The next best thing to

Getting a haircut: Trusted

Application pools.

 

Well, the author of today's haiku is back from his one-day journey to the TechReady conference. His overall impressions of the conference? Well, the mini-cannoli were surprisingly good, but the pasta salad in balsamic vinaigrette was a major disappointment. After all, if something is in a balsamic vinaigrette shouldn't there actually be some balsamic vinaigrette there, somewhere?

 

As for the presentation he assisted on, well, the presentation was titled Extreme PowerShell and was aimed at people who, having mastered the basics of Lync Server PowerShell, were ready to take their scripting skills to the next level. However, when the author's co-presenter asked the crowd how many people had even opened the Lync Server Management Shell (let alone did anything with it) only 6 people raised their hands. And when he asked how many people had written Windows PowerShell scripts of any kind (not just Lync Server PowerShell scripts), only four people raised their hands. Interestingly enough, that's what we said: uh-oh.

 

Oh, well: easy come, easy go. It was still way better than working, and with any luck, we managed to impart a little knowledge about Lync Server PowerShell, and how you can extend its capabilities, along the way. More importantly, the author of today's haiku also got a wristband that will allow him to attend tonight's Attendee Party. How exciting is that going to be? Well, here's one quote from the party flyer:

 

"Need a haircut? There's even a salon and spa where you can take advantage of their express services during the party."

 

Wow, you can go to a party and get your hair cut! And people keep think that Microsoft employees don't know how to have a good time.

 

Here's another quote from the flyer:

 

"The on-campus Company Store will be open during the party, providing you with the perfect opportunity to purchase Microsoft-branded merchandise, software, and hardware for yourself, your family, and friends."

 

Whoa. Now the author of today's haiku is thinking that maybe he won't go to the party. After all, it is possible to have too much fun and too much excitement.

 

That's especially true when you consider the subject of today's haiku: the CsTrustedApplicationPool cmdlets!

 

Note. Sure, we can tell you what individual cmdlets are included in the CsTrustedApplicationPool cmdlets: Get-CsTrustedApplicationPool, New-CsTrustedApplicationPool, Remove-CsTrustedApplicationPool, and Set-CsTrustedApplicationPool.

 

So what exactly do you do with the CsTrustedApplicationPool cmdlets? Well, in Microsoft Lync Server 2010, a trusted application is a third-party application that is granted trusted status and is allowed to run as if it was a built-in component of Lync Server. Trusted applications are allowed to run in any Lync Server pool. However, it's highly recommended that you create a separate trusted applications pool and run your trusted applications from within that pool. If you do that, you can more-easily manage all those applications, doing everything from specifying whether or not your trusted applications require authentication and whether or not the pool should take part in the Lync Server replication cycle. As you might have guessed, this is where the CsTrustedApplicationPool cmdlets come into play.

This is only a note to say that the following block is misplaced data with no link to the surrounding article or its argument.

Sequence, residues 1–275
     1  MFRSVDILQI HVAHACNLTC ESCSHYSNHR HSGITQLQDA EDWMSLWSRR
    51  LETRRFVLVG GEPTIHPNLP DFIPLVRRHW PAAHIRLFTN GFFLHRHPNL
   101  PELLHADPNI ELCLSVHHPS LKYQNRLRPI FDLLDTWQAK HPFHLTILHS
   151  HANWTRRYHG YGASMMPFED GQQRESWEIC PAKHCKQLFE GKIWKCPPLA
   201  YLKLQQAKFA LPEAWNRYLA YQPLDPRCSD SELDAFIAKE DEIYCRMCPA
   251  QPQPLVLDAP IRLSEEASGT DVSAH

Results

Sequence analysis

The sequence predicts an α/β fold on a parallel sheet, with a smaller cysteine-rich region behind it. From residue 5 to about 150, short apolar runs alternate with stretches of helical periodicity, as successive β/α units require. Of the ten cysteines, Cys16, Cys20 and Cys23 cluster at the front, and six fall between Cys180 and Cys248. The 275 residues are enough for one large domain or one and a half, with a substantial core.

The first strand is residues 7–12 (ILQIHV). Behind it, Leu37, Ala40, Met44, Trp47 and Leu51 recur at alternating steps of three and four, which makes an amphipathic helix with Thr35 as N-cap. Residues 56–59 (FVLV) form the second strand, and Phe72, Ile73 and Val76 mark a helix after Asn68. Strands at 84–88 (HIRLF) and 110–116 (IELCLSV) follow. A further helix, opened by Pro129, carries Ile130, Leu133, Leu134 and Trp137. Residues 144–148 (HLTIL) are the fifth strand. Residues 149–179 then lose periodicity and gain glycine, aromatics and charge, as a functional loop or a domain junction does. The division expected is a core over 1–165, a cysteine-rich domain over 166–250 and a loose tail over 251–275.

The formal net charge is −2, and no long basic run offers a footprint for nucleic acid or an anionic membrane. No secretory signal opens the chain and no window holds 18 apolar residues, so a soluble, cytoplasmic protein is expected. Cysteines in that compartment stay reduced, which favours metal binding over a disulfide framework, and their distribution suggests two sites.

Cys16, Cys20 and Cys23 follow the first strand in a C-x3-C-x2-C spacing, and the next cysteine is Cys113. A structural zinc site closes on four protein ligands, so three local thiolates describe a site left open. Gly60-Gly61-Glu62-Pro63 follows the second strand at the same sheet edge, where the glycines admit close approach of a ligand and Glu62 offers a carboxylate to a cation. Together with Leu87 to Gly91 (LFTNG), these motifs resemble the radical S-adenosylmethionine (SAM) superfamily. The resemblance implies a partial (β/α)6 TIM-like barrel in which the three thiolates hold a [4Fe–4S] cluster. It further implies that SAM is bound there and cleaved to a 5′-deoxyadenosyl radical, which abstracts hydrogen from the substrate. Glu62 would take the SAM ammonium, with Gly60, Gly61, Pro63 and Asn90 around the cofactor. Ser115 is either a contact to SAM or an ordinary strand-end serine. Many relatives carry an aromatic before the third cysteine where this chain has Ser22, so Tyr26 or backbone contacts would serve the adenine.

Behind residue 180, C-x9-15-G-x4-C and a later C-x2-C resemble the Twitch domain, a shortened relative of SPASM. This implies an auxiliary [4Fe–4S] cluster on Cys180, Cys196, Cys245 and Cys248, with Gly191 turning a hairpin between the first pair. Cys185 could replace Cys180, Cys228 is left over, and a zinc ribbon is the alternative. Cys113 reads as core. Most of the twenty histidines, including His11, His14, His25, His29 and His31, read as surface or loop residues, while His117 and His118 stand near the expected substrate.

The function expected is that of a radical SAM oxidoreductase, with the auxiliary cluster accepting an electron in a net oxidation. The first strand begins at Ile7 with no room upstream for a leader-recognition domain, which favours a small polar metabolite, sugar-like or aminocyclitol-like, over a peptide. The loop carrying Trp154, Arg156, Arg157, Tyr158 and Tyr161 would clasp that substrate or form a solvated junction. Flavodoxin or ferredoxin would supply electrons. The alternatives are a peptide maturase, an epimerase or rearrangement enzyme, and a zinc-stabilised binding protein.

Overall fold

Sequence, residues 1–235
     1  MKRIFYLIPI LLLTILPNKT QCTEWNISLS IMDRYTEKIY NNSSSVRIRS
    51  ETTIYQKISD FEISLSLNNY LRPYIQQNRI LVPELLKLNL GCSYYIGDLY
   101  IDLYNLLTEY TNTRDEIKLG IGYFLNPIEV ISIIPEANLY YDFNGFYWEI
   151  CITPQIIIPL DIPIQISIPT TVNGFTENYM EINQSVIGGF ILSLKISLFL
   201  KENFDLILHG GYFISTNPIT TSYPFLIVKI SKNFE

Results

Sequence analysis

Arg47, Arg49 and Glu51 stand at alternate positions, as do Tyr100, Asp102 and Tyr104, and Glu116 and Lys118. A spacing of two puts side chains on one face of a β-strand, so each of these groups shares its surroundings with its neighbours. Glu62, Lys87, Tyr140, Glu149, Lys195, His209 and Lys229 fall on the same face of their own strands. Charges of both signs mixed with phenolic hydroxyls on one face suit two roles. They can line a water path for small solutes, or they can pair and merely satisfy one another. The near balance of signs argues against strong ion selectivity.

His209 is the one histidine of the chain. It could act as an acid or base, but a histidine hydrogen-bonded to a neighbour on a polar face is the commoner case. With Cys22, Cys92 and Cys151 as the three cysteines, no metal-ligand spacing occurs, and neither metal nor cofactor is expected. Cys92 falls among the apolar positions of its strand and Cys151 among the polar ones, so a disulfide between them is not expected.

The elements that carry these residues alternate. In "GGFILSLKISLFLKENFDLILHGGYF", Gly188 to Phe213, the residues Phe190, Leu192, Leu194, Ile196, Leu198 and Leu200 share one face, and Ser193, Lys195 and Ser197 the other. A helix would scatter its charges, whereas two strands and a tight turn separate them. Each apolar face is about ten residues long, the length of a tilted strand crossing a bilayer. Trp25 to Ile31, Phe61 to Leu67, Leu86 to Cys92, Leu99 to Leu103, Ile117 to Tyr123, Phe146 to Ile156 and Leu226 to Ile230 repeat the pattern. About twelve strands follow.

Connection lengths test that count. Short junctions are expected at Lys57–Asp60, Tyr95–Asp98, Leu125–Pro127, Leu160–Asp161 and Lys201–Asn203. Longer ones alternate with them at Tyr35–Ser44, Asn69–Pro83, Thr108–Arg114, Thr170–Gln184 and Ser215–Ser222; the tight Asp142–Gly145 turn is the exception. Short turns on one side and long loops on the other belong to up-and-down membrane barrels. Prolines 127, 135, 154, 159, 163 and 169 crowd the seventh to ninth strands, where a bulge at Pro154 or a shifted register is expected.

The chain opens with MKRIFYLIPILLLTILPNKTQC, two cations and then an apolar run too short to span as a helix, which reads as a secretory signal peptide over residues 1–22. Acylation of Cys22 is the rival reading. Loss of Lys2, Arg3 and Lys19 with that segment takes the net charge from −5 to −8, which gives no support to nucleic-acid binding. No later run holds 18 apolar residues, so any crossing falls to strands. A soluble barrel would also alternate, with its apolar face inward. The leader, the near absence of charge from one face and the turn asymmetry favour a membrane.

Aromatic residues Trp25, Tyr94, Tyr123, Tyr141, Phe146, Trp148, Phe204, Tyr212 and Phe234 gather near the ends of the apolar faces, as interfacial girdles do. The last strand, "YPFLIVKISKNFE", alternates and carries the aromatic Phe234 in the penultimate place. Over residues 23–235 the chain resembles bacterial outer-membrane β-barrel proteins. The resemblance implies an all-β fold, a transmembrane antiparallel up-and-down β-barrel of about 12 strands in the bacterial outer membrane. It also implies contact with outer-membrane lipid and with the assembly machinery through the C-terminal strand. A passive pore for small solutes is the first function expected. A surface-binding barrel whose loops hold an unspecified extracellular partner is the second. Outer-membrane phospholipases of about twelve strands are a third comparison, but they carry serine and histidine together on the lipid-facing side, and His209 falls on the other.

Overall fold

Note. We know how incredibly cool that sounds, but just take a deep breath and try to relax. Like we said earlier, it's possible to have too much fun and too much excitement.

 

Let's start out by showing you a simple command that creates a new trusted application pool:

 

New-CsTrustedApplicationPool -Identity trustedpool.litwareinc.com -Registrar atl-cs-001.litwareinc.com -Site Redmond

 

As you can see, that's actually a pretty simple little command. All we do there is call the New-CsTrustedApplicationPool cmdlet, specifying the Identity of the pool, the Registrar associated with the pool, and the site where the pool is homed. None of that is too-terribly difficult, but there are a few things you should know about these parameters. First, the Identity parameter should be the fully qualified domain name of the computer that is going to host the trusted applications. New-CsTrustedApplicationPool is actually a pretty easy cmdlet to get along with: it will accept pretty much any value for the Identity parameter, regardless of whether that value points to a real computer or not. But your trusted application won't actually work if the identity points to a mythical computer.

 

Incidentally, it’s recommended that you run trusted applications on a dedicated computer. It’s generally not a good idea to run SQL Server, Exchange, SharePoint, Lync Server, and all your trusted applications on one machine.

 

In fact, it's probably safe to say that that is never a good idea.

 

Now, what about the Registrar parameter? The truth is, you don't have to include a Registrar when creating a trusted application pool; the cmdlet will run just fine without it. However, once again, your trusted application won't work unless it's associated with a Registrar.

 

Note. What's that? You say you forgot to associate your trusted application with a Registrar? Oh, bother. Well, don't worry about it; after all, that's what the Set-CsTrustedApplicationPool cmdlet is for: